Trauger explained that some mayors had gotten together and wondered why there were no programs at Pioneer Park, so Trauger started a science program, the Almost Every Other Thursday Science. Those program days have Incredible insects, Catapult Kids, Science Circus, the art of juggling with Tom Sparough the Space Painter, Polymer-a-palooza, and Chemistry in Your Hands. Trauger felt this was a good alternative since the dog park and the busy 3L Highway in front it was more difficult to have animals at Pioneer park.
"We do have Critters in the Creek, too, but this year I think we are going to have to cancel it because on the day we picked for it the bacteria count in the creek was too high," explained Trauger. 
Other programs, like the Stargazer program, came about because he and Kim were out and noticed a sign from the Cincinnati Observatory, so Trauger asked what it would take to come to Kentucky. 
"He said for a donation we will come to you," Trauger said. "And with them came Midwestern Astrology, a group who brought their own telescopes. We have had as many as sixteen telescopes and up to three-hundred stargazers."
A third grade teacher piqued Trauger's interest in birds, and wherever he has gone in his life he has loved watching birds. This led to working with the Boy Scouts and there are now over 100 nest boxes in the parks.
Trauger said he visited the Boone County Parks Department and was very impressed with their programs. He tried some Halloween programs at Mills Road Park, and though he knew he couldn't compete with Ft. Thomas and Boone County Parks' Jack-o-lantern walk programs, he had a pumpkin roll that was very popular, and at one time a pumpkin launch, but he was not as happy with it and it was very labor intensive. 
He never tried to limit programs to the summer. 
Just a few years into his job, Trauger initiated Letters to Santa, a program where children would write their letters to Santa, and would get a personalized letter back, plus some stickers. Trauger worked with the Kenton County public library, and had giant mailboxes at all of the Kenton County courthouses as well as the libraries.  As the years progressed, Trauger adjusted the program, because if siblings in the same household wrote to Santa, they all needed different letters. Trauger concocted six different letters on six different stationaries so that there would be no impediment to children believing they were getting letters from Santa. Trauger thought it was a priority for children to believe they were all individually important to Santa, so he worked hard to make that happen.
One time, while he was cleaning up after a Wild Wednesday session, his friend Mike Strohm looked around and told Trauger that there were a lot of maple trees in the park, and they should tap them and make syrup. Trauger liked the idea, after he determined that sap would definitely come out of maple trees in Kentucky, and out of that came Sugar Camp, a program where Trauger, Strohm, and Howard McDaniel stage a camp in the woods in late February where they reenact pioneer times, and boil the sap from the trees over an open campfire. Then they would let children taste the sap, sweetening hot cocoa with it. As with all of his programs, the children absolutely loved it, and loved Mr. Steve.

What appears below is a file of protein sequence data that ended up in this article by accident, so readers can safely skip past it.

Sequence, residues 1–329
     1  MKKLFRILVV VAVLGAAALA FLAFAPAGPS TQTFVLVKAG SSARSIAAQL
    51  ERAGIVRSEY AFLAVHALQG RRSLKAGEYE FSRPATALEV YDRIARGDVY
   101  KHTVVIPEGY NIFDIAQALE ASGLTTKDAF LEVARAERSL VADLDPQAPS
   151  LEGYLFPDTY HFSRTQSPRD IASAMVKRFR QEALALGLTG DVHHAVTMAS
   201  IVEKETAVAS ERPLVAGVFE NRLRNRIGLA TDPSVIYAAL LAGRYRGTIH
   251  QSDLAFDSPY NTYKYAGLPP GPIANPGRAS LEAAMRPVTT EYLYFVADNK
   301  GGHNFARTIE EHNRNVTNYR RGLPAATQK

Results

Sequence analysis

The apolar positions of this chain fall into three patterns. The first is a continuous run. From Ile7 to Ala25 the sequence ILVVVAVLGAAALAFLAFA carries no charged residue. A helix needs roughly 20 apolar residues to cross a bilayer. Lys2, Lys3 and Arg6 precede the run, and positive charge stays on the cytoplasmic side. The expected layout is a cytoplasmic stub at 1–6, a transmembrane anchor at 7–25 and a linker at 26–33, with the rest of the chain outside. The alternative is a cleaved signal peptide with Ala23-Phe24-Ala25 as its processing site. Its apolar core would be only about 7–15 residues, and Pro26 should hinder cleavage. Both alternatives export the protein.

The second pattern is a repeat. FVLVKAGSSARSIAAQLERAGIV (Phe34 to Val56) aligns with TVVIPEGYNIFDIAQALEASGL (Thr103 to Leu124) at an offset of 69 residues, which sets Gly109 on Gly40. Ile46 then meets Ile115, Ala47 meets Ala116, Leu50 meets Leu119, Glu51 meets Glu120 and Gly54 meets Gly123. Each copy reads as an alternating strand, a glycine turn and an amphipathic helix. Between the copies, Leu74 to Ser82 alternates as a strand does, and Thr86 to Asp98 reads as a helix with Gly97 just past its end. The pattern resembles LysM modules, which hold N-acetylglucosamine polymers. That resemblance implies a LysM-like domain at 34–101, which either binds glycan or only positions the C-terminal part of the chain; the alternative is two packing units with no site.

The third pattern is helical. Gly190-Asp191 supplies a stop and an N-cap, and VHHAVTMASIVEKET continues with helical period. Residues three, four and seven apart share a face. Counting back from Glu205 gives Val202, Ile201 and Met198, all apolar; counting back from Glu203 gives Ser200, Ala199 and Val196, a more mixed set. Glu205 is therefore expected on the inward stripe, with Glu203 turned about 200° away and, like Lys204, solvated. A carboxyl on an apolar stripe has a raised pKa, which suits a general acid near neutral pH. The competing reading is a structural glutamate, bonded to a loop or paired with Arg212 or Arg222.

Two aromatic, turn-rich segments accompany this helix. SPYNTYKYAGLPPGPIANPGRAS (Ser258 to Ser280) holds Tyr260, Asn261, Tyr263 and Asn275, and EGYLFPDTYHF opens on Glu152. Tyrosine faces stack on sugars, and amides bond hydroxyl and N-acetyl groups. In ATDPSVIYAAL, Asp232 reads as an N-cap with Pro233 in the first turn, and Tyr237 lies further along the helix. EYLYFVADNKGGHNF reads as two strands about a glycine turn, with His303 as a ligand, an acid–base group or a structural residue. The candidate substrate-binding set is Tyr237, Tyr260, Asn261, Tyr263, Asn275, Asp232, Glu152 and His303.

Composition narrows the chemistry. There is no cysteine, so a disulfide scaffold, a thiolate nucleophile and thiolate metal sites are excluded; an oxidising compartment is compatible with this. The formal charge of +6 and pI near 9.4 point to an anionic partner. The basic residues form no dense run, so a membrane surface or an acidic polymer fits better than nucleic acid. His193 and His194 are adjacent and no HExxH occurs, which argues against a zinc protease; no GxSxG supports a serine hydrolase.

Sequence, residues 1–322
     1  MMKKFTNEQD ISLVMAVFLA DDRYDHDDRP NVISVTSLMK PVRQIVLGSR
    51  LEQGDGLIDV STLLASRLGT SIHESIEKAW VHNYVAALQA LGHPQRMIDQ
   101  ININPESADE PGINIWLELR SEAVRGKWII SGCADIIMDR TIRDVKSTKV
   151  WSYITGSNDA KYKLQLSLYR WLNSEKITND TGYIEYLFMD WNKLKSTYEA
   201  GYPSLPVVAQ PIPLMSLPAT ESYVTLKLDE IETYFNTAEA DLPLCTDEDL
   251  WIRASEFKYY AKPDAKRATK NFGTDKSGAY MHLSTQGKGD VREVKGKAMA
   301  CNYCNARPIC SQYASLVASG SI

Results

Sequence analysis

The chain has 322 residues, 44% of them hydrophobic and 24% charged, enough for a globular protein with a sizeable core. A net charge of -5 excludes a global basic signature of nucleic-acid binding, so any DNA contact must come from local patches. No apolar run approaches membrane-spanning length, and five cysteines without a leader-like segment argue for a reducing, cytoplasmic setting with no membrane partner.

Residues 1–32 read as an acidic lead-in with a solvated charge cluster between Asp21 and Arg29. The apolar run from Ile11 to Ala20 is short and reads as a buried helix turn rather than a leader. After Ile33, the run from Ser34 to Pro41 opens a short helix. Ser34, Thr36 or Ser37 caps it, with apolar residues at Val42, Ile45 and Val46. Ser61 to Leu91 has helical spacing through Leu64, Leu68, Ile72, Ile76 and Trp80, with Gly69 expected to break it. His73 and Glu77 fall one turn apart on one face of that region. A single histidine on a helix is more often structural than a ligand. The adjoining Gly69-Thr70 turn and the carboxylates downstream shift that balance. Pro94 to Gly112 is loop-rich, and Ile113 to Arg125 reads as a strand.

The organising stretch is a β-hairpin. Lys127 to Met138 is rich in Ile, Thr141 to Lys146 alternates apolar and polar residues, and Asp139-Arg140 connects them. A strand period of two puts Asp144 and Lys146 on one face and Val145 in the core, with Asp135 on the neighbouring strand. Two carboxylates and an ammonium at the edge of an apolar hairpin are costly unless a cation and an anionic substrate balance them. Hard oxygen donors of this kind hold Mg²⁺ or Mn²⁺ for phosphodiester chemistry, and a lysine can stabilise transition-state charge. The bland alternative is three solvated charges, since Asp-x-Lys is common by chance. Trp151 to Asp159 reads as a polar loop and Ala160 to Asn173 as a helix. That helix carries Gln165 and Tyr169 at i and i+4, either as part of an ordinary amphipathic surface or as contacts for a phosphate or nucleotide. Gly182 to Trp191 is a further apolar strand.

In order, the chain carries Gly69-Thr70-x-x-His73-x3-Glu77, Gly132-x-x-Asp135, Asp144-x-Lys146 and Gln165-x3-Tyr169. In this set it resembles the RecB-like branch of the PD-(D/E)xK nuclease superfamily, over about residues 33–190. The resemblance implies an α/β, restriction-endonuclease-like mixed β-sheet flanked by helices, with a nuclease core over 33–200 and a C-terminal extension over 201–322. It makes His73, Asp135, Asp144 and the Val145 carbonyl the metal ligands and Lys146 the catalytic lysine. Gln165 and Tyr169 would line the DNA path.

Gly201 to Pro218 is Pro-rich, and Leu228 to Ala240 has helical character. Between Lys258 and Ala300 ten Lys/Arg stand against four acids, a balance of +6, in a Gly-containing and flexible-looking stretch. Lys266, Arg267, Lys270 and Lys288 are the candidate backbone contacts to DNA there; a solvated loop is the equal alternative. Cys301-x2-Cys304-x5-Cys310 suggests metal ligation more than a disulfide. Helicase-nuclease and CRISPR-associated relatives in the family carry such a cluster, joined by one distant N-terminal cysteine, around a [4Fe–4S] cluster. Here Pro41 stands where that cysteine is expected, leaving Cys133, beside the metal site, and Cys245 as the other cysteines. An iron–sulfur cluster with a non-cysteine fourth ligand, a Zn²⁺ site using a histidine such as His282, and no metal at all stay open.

Jamie Schierer has known Trauger for 15 years and has worked with him in Parks for 11 of those years.
"We have a lot of the same energy level, and creativeness," she said. "I like working with him, because we both love kids and fun - that's right up my alley. But somebody's got some tough shoes to fill. I know because I have tried to fill in for him when he is on vacation, and believe me, it is quite a task." 
Trauger puts such great emphasis on having fun, that he has a saying he puts on his outgoing emails: "We do not stop playing because we grow old; We grow old because we stop playing," a quote attributed to playwright George Bernard Shaw. Even his phone number includes the acronym PLAY.  
Trauger's wife Kim agrees. She says her husband is "12 years old in disguise". One of the keys to Traugers' tremendous success as a programs coordinator is that he is able to see things as a child might see it. He delights in seeing children be children having a blast.
So what is ahead for this free spirit of a man with a Peter Pan outlook on life? He isn't really sure, but it doesn't bother him. Life doesn't scare Steve Trauger - it intrigues him. He has been a part of Northern Kentucky unplugged, a musical program where people in the area meet on the last Thursday of the month in Edgewood and play sets of songs. This satisfies the music that has always been inside him. In addition, he likes to sell used stuff that he thinks is neat. His mother used to have an antiques store, so he feels like he comes by it naturally. One thing is certain - Steve Trauger will never be bored; he has too much curiosity and joy. 
"I don't know, I might move to Florida or some place, because we have no kids or pets, so we could just pick up and go," he stated. Then, with characteristically typical Trauger humor, he quipped, "Heck, I don't have time to work anymore. I've got stuff to do!"
Written by Patricia A. Scheyer, RCN contributor